Indeed, López Obrador said his administration no longer seeks to detain drug lords.
Meanwhile, many of Jalisco’s front-line battlegrounds look almost medieval.
On the border between Jalisco and Michoacán states, there is a town called Tepalcatepec, a stronghold of the Viagras that Jalisco has recently tried to take over. The road in from Jalisco — the main route of attack — is blocked with piles of dirt and rocks staggered in a zigzag pattern, forcing incoming vehicles to slow down. From a house on a nearby hill, a vigilante with a .50-caliber sniper rifle scans the road, ready to fire.
Farther south in Michoacán, in the hamlet of El Terrero, Jalisco controls the south bank of the Rio Grande river, while the north bank remains in the hands of the rival New Michoacán Family cartel and its armed wing, the Viagras. The other gangs’ terror of Jalisco is evident; in September, they hijacked and burned a half-dozen trucks and buses to block the bridge over the river, to prevent Jalisco convoys from entering in a surprise assault.
Nearby, in the township of San Jose de Chila, rival gangs used a church as an armed redoubt to fight off an offensive by Jalisco gunmen. Holed up in the church tower and from its roof, they tried to defend the town against the incursion, leaving the church filled with bullet holes.
One thing is clear: Jalisco wants people to know that they’re in town. They hang banners from overpasses announcing their arrival, offering cash rewards for enemies and threatening police. They post videos on social media, usually with a few dozen heavily-armed, camouflage-clad men with helmets in the background, announcing they have come to “clean up the town.”
In Cancun, a man sidles up to a local crime-scene photographer at a taco stand. “We’re from Jalisco. We just want you to know that we’re here. Enjoy your meal,” the man said affably, before walking away.
It wasn’t just a boast. On Feb. 29, police in Cancun raided two houses and arrested 10 Jalisco gunmen with assault rifles and caps embroidered with the words “Grupo Delta, CJNG Quintana Roo.” The cartel is moving into Cancun the way it often does: the group “was setting up an operational center … where they abducted and killed members of rival gangs,” state prosecutors said.
The cartel has littered the streets of Cancun with the bodies of its victims, but the violence hasn’t really hit the tourist zone, except in the resort of Playa del Carmen, to the south.
While extreme violence is hardly new in Mexico, Jalisco is more fearsome than other cartels, more worrisome than even the notorious Zetas, who left piles of as many as 50 bodies on roads, kidnapped hundreds of people and forced them to fight each other to the death with sledgehammers, and burned their victims alive in gasoline drums.
The Zetas were never particularly good at carving out new drug routes or laundering money; Jalisco, with years of experience in methamphetamine production through their allies, the “Cuinis” gang, is in a prime position to capitalize on new synthetic drugs like fentanyl.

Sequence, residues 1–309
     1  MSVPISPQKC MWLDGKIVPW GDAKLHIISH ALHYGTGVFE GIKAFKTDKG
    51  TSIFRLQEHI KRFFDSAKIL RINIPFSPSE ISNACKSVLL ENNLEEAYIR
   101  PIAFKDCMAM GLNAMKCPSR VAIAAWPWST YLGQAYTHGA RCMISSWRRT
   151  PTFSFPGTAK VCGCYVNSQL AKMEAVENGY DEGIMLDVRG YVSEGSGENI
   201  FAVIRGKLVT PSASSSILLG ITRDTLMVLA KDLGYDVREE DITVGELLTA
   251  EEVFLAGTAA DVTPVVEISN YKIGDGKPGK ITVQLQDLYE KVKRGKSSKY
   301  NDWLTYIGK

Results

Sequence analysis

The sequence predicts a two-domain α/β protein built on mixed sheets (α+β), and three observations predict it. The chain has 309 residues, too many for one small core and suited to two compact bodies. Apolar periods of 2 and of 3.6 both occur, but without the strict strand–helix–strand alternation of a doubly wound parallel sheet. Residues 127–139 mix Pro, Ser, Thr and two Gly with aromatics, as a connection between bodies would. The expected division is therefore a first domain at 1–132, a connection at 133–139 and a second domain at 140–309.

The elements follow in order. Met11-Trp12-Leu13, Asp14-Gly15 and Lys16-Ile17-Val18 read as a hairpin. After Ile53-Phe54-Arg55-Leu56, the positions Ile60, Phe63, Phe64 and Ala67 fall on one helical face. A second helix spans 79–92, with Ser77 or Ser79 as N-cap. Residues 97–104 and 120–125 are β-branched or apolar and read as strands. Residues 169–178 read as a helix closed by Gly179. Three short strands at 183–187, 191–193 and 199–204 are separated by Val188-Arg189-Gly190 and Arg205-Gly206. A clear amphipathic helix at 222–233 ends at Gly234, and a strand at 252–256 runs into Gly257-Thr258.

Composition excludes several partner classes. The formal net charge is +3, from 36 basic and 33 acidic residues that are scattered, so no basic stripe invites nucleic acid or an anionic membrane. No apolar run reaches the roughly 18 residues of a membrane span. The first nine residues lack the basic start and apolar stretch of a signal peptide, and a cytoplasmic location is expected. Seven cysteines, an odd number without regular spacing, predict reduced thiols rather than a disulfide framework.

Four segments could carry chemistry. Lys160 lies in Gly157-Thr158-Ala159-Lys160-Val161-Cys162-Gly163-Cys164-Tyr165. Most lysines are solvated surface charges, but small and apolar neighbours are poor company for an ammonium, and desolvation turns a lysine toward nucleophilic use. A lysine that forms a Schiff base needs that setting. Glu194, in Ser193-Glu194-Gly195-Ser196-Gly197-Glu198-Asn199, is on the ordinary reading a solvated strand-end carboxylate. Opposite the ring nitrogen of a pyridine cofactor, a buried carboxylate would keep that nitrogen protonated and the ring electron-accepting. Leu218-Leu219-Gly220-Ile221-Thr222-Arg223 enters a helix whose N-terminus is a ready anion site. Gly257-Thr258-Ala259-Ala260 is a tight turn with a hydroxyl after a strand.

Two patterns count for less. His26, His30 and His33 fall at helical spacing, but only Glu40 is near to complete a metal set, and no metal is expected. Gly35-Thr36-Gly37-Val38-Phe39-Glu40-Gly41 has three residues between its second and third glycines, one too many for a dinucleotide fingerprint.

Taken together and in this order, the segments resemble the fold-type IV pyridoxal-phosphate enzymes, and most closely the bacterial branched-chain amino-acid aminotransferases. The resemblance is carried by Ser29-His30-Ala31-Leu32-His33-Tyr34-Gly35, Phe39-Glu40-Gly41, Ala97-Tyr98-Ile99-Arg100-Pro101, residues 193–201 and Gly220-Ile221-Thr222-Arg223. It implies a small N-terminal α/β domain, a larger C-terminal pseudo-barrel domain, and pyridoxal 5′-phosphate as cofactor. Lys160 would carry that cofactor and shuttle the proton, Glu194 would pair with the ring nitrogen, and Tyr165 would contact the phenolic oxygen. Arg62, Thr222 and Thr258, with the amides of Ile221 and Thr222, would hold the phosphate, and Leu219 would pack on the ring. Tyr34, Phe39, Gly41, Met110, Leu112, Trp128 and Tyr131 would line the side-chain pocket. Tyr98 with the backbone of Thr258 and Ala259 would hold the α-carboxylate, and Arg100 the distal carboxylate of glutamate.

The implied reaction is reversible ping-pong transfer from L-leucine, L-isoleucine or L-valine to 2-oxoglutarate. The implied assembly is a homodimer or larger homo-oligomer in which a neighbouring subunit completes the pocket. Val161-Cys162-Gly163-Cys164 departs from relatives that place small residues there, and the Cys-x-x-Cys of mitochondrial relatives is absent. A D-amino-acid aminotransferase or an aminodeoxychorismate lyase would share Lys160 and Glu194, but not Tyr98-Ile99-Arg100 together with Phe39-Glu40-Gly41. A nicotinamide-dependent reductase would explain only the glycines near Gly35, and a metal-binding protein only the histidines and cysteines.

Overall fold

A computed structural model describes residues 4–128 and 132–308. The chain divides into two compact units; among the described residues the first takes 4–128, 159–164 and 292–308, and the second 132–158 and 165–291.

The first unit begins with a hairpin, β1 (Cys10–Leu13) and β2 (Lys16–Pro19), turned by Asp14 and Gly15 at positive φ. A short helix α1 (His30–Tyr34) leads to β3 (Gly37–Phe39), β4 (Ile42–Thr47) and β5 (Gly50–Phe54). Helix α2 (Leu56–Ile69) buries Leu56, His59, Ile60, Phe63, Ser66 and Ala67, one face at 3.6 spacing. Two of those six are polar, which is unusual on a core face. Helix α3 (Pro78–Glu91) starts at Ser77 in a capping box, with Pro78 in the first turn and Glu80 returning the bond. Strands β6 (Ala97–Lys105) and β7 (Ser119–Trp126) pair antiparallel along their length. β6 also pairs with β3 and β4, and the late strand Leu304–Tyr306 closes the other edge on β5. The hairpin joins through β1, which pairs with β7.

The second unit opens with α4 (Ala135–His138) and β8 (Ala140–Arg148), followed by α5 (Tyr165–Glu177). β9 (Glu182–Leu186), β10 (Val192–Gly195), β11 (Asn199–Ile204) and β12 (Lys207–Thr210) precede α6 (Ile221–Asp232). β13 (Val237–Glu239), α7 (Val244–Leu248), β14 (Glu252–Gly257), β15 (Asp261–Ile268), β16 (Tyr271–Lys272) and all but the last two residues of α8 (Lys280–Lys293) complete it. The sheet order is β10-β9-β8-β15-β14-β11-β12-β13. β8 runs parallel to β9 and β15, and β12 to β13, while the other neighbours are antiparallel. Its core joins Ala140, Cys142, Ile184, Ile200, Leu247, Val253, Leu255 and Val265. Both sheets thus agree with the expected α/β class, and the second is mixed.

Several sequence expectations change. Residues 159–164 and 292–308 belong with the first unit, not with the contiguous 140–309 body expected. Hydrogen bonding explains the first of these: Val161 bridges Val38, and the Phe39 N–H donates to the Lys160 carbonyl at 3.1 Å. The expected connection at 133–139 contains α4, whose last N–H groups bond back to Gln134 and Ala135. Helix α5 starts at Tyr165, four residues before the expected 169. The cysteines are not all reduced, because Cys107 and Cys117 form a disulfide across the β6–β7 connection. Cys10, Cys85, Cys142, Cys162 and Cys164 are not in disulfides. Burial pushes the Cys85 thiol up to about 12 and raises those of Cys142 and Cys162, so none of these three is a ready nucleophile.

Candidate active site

“CJNG’s efforts to dominate key ports on both the Pacific and Gulf Coasts have allowed it to consolidate important components of the global narcotics supply chain,” said a Congressional Research Service report. “In particular, CJNG asserts control over the ports of Veracruz, Manzanillo, and Lázaro Cardenas, which has given the group access to precursor chemicals that flow into Mexico from China and other parts of Latin America. As a result, CJNG has been able to pursue an aggressive growth strategy, underwritten by U.S. demand for Mexican methamphetamine, heroin, and fentanyl.”
And the cartel — like its main rival, Sinaloa — has been able to branch out into new regions of the world, turning to India when China cracks down on fentanyl shipments, and establishing connections with Chinese and other Asian gangs to launder drug proceeds that help wealthy Chinese get around their government’s currency flow limits and move their wealth abroad.
And under the steely command of Nemesio Oseguera, “El Mencho” — who is now the U.S. Drug Enforcement Administration’s most-wanted fugitive, with a $10 million price on his head — the Jalisco cartel has a more unified leadership than Sinaloa, whose command structure was fractured after the arrest, extradition and conviction of Joaquin “El Chapo” Guzman.
Now, experts say, much of the violence in Tijuana, Ciudad Juarez and Tamaulipas state is fueled by offensives by the Jalisco cartel, often in alliance with local gangs, to take control of key drug routes.
“They have an almost nationwide presence,”said Mexican security analyst Alejandro Hope. “It seems to me they have a more centralized decision-making structure than other criminal groups. The one who calls the shots is Mencho.”
Given that Jalisco has moved into hotels and restaurants, shopping centers, real estate companies, agricultural companies, and a music promotion business, Hope said “it appears they are more sophisticated than other (gangs) at laundering money.”